Created on Wednesday, 12 February 2014 Written by THE ASSOCIATED PRESS
WASHINGTON (AP) — Must-pass legislation to allow the government to borrow money to pay its bills is on the brink or clearing Congress for President Barack Obama's signature.
Senate passage of the measure is guaranteed after the chamber voted 67-31 to advance the legislation over a filibuster hurdle insisted upon by Texas Republican Ted Cruz that forced five Republicans to vote to advance the legislation. A final vote is underway.
The measure appeared in danger until the Senate's top two Republicans — each facing a tea party challenge — cast aye votes. Several other Republicans then switched their votes to yes in solidarity.
The legislation would permit the Treasury Department to borrow normally for another 13 months and then reset the government's borrowing cap, currently set at $17.2 trillion, after that.
THIS IS A BREAKING NEWS UPDATE. Check back soon for further information. AP's earlier story is below.
Congress appears on track to send President Barack Obama must-do legislation to extend Treasury's borrowing authority without any concessions from the White House.
Senate leaders scheduled a vote Wednesday afternoon before an expected snowstorm hits the capital. The GOP-controlled House passed the measure Tuesday, 221-201, with Republicans supplying only a handful of votes.
The measure would permit the Treasury Department to borrow normally for another 13 months and then reset the government's borrowing cap, currently set at $17.2 trillion, after that.
Quick action on the debt limit bill stands in contrast to lengthy showdowns in 2012 and last fall when Republicans sought to use the critically necessary measure as leverage to win concessions from Obama. They succeeded in 2011, winning about $2 trillion in spending cuts, but Obama has been unwilling to negotiate over the debt limit since his re-election, and Wednesday's legislation is the third consecutive debt measure passed without White House concessions.
Republicans have been less confrontational after October's 16-day partial government shutdown sent GOP poll numbers skidding and chastened the party's tea party faction. Republicans have instead sought to focus voters' attention on the implementation and effects of Obama's health care law.
The measure is required so that the government can borrow to pay all of its bills, including Social Security benefits, federal salaries, payments to Medicare and Medicaid providers and interest on the accumulated debt. Congress has never failed to act to prevent a default on U.S. obligations, which most experts say would spook financial markets and spike interest rates.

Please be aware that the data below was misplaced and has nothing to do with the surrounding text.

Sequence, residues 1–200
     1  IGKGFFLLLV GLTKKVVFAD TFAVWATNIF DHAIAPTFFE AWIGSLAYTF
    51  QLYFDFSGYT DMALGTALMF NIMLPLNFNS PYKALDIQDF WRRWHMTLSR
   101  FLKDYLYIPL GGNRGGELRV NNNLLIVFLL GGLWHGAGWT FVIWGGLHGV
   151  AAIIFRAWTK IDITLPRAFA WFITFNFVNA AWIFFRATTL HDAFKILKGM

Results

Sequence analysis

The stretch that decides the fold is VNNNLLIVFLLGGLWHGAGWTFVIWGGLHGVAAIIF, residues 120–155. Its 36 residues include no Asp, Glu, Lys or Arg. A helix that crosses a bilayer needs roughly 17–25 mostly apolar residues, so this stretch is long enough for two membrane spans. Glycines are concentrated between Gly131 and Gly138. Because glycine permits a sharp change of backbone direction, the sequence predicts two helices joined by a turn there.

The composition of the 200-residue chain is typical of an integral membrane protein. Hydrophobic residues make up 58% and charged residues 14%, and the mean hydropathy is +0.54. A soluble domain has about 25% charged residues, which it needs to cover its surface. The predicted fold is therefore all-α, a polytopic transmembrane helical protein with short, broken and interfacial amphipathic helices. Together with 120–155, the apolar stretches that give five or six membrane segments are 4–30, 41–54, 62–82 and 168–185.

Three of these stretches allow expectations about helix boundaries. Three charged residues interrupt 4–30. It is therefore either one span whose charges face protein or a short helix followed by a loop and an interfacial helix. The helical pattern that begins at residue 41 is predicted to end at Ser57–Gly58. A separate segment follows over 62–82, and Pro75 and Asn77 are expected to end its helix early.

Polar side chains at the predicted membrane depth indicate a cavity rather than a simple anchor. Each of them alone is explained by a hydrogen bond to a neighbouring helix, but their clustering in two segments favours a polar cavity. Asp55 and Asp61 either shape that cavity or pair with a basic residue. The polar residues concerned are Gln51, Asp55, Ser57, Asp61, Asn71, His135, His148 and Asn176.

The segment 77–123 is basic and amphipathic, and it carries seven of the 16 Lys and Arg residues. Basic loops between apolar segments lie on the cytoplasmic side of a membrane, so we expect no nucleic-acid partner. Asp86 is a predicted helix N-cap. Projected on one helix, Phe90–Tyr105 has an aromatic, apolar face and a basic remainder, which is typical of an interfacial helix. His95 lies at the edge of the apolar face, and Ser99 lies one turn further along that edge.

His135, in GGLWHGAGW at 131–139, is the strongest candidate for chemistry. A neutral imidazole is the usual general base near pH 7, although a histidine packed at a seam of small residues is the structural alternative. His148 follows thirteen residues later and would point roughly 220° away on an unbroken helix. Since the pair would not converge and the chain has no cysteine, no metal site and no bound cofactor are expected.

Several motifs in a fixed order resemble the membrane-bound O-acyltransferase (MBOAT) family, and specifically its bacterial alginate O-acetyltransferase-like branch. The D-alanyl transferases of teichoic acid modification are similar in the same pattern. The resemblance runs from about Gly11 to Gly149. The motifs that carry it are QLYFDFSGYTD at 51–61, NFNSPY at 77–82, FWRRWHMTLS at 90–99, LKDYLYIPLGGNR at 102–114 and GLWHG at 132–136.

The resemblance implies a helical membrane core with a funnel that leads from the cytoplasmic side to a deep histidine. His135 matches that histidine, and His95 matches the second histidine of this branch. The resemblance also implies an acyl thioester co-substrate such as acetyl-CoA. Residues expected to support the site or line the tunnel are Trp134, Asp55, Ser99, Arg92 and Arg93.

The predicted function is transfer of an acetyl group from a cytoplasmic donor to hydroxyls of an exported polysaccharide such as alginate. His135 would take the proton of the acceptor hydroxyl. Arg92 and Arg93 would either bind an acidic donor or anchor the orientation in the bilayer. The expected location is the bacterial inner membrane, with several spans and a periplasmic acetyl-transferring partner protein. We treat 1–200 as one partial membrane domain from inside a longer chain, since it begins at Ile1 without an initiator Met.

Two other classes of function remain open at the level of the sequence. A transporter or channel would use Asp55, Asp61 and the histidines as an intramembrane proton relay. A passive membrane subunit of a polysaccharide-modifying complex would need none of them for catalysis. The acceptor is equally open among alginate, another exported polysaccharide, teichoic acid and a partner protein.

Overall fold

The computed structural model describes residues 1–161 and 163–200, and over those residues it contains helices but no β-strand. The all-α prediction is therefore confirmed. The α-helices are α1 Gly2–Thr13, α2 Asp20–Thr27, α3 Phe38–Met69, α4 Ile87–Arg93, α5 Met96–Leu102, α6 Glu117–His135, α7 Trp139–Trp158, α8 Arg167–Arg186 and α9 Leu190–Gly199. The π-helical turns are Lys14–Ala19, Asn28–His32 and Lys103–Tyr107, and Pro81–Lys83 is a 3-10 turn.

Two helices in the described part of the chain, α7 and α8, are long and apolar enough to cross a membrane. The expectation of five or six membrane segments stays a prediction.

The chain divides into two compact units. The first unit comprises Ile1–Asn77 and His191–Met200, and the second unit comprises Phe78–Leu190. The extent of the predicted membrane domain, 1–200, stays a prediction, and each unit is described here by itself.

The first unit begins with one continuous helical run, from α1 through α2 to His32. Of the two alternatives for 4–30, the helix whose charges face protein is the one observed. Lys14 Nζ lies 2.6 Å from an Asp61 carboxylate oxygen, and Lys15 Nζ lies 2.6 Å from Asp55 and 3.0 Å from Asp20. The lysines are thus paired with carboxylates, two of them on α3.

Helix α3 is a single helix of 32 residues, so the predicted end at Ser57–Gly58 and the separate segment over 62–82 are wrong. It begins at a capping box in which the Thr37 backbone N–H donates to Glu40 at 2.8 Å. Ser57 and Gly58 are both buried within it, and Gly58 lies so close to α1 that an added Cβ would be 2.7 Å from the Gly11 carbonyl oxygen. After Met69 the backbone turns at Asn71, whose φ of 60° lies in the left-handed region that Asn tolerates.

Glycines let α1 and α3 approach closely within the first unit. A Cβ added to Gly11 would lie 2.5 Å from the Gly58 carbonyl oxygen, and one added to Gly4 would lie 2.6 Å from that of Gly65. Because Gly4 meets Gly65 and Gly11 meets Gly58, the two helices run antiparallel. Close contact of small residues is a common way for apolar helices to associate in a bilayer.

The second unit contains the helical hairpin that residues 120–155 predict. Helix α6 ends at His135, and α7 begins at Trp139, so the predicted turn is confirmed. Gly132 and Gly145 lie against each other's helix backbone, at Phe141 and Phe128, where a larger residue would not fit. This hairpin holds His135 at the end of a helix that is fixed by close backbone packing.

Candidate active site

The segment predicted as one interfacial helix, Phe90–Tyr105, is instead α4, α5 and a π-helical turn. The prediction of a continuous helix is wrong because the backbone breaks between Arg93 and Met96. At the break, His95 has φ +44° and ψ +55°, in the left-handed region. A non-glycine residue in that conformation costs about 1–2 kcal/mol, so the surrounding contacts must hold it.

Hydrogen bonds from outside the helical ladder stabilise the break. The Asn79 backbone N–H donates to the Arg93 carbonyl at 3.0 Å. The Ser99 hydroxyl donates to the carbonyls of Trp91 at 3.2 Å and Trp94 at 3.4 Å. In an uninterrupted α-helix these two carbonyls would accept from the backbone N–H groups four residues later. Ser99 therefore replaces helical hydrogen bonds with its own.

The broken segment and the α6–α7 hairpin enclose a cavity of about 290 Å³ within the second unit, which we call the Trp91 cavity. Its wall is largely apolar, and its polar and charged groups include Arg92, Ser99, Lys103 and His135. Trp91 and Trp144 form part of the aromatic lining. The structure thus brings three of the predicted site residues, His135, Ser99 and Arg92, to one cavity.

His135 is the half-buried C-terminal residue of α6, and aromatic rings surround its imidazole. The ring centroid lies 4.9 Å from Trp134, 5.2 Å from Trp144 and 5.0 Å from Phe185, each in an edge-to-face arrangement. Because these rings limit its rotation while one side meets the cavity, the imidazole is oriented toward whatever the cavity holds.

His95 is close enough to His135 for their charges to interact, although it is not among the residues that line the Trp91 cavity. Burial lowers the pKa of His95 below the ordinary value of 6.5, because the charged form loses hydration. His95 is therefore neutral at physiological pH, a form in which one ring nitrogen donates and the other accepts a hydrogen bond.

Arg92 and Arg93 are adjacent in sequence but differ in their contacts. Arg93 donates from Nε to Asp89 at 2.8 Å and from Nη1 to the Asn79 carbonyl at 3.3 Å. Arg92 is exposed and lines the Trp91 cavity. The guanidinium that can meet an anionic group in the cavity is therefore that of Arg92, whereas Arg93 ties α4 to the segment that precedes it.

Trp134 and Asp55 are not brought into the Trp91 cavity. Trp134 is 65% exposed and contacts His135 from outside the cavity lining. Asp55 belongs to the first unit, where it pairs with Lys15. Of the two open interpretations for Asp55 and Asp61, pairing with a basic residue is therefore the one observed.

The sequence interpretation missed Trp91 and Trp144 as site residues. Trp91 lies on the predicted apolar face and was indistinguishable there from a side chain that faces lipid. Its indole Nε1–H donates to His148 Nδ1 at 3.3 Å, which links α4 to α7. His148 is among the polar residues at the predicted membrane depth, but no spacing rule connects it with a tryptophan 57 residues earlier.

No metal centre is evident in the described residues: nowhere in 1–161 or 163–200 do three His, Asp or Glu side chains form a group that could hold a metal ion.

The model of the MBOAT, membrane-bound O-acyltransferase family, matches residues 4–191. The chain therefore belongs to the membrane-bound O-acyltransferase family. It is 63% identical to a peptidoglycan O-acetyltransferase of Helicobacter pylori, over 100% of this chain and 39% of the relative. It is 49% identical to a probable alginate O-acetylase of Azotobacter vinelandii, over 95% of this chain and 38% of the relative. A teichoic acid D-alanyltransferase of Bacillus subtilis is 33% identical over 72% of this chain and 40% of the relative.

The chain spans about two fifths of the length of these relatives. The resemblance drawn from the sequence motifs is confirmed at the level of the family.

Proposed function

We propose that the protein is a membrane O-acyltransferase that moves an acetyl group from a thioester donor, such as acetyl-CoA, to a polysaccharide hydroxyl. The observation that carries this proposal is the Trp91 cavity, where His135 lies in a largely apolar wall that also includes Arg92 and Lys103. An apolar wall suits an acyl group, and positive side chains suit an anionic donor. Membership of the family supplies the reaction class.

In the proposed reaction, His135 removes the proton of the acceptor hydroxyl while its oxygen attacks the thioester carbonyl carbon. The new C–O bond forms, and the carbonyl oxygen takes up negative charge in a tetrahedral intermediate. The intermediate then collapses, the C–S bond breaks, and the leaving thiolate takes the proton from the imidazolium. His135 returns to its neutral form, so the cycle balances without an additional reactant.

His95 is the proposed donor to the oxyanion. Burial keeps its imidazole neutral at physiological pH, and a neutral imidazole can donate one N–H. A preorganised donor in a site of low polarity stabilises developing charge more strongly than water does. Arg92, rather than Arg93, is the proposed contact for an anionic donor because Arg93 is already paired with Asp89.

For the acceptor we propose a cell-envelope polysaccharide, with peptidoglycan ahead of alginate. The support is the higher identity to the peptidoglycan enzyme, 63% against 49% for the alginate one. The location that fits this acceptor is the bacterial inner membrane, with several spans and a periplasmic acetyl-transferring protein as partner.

The measure is likely to squeak through the Senate, where most Republicans say any increase in the debt ceiling should be accompanied by cuts to the spiraling costs of costly benefit programs like Medicare.
"We need some reform before we raise the debt ceiling. We need to demonstrate that we are taking steps that will reduce the accumulation of debt in the future," said Alabama Sen. Jeff Sessions, top Republican on the Budget Committee. "And the president and the Democratic Senate have just flatly refused. So they've just said, 'We'll accept no restraint on spending'."
Sen. Ted Cruz, R-Texas, a tea party favorite, forced the chamber to overcome a 60-vote filibuster threshold in order to pass the bill. That's irking some Republicans since it'll require at least five GOP votes to advance the bill.
"I'm not going to talk about that," said Orrin Hatch, R-Utah, when asked if Republicans are annoyed with Cruz.
"In my view, every Republican should stand together against raising the debt ceiling without meaningful structural reforms to rein in our out of control spending," Cruz said.
Passage of the debt limit measure without any extraneous issues comes after House GOP leaders tried for weeks to find a formula to pass a version of their own that included Republican agenda items like approval of the Keystone XL oil pipeline and repeal of an element of the health care law. But a sizable faction of House Republicans simply refuse to vote for any increase in the government's borrowing abilities, which forced House Speaker John Boehner, R-Ohio, to turn to Minority Leader Nancy Pelosi, D-Calif., to pass the measure on the strength of Democrats.
The debt measure permits Treasury to borrow regularly through March 15, 2015, putting the issue off until after the November elections and setting it up for the new Congress to handle next year. If Republicans take over the Senate, they're likely to insist on linking the debt ceiling to spending cuts and other GOP agenda items, but for now at least, the issue is being handled the old fashioned way, with the party of the incumbent president being responsible for supplying the votes to pass it but with the minority party not standing in the way.
"I think we will go back to the responsible way of making sure that our country does not default," said Budget Committee Chairman Patty Murray, D-Wash.
Senate action Wednesday would safely clear the debt issue off of Washington's plate weeks in advance of the Feb. 27 deadline set last week by Treasury Secretary Jacob Lew. The debt limit was reset to $17.2 trillion after a four-month suspension of the prior, $16.7 trillion limit expired last Friday. Lew promptly began employing accounting maneuvers to buy time for Congress to act.